|Vietnamese Prime Minister Nguyen Xuan Phuc (first from left) take photo with other leaders at the 12th East Asia Summit
PM Phuc said the Association of Southeast Asian Nations (ASEAN) as well as other countries in the world is facing numerous challenges, including terrorism, violent extremism, nuclear proliferation, cyber security and maritime security.
He shared his concerns over the situation in the Korean Peninsula, particularly recent ballistic and nuclear missile tests by the Democratic People’s Republic of Korea (DPRK), threatening peace and stability in the region.
In that context, the PM urged the involved parties to increase dialogues and practical cooperation; build an open, balanced, transparent and rule-based regional architecture; promote the EAS’s role in addressing regional challenges. He welcomed the EAS to bring marine cooperation into a new priority field.
Regarding the East Sea issue, PM Phuc reiterated ASEAN’s stance, including principles stated in the Joint Communiqué of the 50th ASEAN Foreign Ministers' Meeting in August 2017, which are ensuring security, safety and freedom of navigation and aviation in the East Sea; addressing disputes via peaceful measures in line with international law, including the United Nations Convention on the Law of the Sea 1982 (UNCLOS); not using force and militarising; fully respecting legal and diplomatic processes; and implementing comprehensively and seriously the Declaration on the Conduct of Parties in the East Sea (DOC) and soon reaching a Code of Conduct in the East Sea (COC).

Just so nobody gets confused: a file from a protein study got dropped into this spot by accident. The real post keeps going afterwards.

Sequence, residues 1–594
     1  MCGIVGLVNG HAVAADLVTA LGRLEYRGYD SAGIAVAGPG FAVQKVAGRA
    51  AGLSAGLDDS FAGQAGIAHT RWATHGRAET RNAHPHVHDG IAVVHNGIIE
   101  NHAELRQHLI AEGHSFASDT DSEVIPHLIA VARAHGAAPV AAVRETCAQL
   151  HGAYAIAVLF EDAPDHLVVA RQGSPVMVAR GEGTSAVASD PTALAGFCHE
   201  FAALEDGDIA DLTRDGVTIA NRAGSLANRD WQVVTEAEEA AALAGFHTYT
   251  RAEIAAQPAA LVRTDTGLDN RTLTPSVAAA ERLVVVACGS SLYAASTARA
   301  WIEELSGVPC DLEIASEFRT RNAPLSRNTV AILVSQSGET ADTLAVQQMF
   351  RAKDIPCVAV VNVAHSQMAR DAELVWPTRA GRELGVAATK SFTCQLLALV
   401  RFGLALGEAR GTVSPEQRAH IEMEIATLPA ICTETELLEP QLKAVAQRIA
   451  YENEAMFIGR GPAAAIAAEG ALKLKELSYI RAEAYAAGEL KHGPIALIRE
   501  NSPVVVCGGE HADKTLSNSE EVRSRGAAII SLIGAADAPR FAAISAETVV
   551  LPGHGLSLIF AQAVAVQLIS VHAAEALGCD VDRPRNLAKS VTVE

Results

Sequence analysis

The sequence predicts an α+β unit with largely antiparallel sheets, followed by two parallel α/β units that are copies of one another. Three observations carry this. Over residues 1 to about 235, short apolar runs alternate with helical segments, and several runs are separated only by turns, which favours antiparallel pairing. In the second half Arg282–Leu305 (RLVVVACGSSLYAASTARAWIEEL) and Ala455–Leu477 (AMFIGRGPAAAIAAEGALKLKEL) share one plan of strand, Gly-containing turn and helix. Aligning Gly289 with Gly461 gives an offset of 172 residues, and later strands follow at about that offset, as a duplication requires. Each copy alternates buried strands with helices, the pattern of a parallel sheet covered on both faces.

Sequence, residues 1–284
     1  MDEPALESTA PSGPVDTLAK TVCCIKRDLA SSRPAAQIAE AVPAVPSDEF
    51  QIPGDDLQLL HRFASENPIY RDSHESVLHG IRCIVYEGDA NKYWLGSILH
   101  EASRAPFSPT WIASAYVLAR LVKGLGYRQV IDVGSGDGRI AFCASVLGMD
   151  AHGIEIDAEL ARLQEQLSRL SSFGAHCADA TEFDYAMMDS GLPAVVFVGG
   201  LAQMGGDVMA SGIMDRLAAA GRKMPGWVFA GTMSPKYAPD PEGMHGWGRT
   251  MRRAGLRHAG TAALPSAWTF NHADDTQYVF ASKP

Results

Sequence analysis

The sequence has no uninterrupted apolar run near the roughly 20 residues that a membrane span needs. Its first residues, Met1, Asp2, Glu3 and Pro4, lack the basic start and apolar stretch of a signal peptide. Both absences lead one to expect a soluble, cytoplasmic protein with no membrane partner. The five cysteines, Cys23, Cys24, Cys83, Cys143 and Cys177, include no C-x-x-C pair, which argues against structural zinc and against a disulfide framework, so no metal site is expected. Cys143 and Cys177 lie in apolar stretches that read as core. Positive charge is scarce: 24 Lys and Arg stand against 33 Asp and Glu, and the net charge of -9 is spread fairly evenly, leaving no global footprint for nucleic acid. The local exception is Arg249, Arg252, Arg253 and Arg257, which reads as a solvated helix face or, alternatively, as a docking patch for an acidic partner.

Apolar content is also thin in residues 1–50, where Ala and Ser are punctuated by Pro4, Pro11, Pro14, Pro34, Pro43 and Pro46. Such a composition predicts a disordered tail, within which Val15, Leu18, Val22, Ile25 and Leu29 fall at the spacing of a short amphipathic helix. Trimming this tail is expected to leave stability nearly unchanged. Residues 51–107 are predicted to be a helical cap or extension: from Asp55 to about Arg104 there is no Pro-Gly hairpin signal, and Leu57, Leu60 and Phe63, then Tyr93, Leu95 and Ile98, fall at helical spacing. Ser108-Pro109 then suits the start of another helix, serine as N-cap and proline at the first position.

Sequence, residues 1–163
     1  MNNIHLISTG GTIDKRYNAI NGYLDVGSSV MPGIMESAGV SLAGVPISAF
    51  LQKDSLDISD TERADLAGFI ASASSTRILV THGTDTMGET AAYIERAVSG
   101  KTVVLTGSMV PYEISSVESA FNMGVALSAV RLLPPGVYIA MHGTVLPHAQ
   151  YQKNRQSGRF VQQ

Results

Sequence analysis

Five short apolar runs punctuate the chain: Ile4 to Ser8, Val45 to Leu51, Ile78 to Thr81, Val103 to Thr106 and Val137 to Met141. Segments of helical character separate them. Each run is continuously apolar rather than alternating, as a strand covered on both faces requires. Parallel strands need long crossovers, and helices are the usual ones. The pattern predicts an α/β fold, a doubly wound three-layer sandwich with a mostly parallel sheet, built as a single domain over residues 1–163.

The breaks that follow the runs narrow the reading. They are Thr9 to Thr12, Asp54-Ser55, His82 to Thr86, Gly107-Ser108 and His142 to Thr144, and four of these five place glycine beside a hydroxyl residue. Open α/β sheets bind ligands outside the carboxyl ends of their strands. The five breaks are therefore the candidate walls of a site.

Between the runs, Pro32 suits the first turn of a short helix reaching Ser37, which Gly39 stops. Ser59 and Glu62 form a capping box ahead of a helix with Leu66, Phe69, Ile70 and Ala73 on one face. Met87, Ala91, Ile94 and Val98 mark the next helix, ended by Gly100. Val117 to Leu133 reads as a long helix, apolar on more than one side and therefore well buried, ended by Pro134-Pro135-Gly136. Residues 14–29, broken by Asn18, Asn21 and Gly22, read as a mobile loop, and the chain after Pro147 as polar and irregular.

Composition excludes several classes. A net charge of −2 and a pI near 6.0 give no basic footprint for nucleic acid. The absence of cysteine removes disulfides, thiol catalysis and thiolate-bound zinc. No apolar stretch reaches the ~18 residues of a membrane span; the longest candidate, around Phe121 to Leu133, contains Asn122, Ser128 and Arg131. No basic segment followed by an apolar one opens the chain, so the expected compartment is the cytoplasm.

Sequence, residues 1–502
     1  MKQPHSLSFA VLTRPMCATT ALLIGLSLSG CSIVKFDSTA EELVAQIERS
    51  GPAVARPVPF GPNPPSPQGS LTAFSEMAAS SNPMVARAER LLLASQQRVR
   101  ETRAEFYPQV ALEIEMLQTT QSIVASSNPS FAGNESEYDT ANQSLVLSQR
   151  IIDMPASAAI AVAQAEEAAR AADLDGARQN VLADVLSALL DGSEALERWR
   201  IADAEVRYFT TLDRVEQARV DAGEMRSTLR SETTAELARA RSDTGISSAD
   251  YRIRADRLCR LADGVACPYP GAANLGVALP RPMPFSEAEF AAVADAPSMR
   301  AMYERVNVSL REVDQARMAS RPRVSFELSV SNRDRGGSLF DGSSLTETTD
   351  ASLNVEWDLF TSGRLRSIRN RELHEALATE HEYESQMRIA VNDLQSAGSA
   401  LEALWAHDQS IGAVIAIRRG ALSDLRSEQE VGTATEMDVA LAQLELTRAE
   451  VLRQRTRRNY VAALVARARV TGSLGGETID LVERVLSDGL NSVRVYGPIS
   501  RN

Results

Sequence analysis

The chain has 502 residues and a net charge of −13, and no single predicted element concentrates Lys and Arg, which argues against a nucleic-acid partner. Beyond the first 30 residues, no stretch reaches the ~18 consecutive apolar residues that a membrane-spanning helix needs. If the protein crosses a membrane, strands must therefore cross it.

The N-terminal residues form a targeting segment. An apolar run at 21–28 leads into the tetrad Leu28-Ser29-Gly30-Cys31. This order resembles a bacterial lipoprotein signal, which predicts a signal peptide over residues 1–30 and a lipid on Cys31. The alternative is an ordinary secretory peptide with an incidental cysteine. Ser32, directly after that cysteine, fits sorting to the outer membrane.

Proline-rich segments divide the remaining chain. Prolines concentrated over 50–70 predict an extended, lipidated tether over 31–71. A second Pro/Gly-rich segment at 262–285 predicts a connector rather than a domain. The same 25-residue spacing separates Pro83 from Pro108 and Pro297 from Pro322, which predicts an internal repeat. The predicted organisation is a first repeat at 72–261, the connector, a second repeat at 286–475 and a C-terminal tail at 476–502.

The PM welcomed ASEAN’s and China’s adoption of a framework for the COC in August and stressed the need to promote negotiations for a feasible, legally-binding COC in accordance with international law, including the UNCLOS, to maintain peace and stability in the East Sea in the long run.
At the summit, the countries discussed strategic issues related to politics-security and economic development in the region.
They agreed to promote cooperation in various fields and increase the role of the summit, especially in the formation of an open, balanced, transparent and rule-based regional architecture.
Leaders agreed to supplement marine cooperation as a new priority field of the EAS in order to strengthen collaboration in sharing information, scientific research, and marine environmental protection in addition to coping with non-traditional security challenges at sea such as piracy, armed robbery, transnational crime, maritime pollution, and navigation accidents.
They called on countries to enhance cooperation to cope with challenges such as terrorism, violent extremism, trans-boundary matters, cyber security, human trafficking and climate change.
The leaders exchanged views on regional and international issues and expressed concerns over recent developments in the Korean Peninsula, the East Sea and Myanmar’s Rakhine state.
At the event, the leaders agreed to adopt declarations on anti-money laundering and countering financing for terrorism, preventing the spread of terrorism and chemical weapons, and cooperating to reduce poverty.
The EAS brings together ten members of ASEAN (Brunei, Cambodia, Indonesia, Laos, Malaysia, Myanmar, the Philippine, Singapore, Thailand and Vietnam), and the bloc’s partners, Australia, China, India, Japan, the Republic of Korea, New Zealand, Russia, and the US.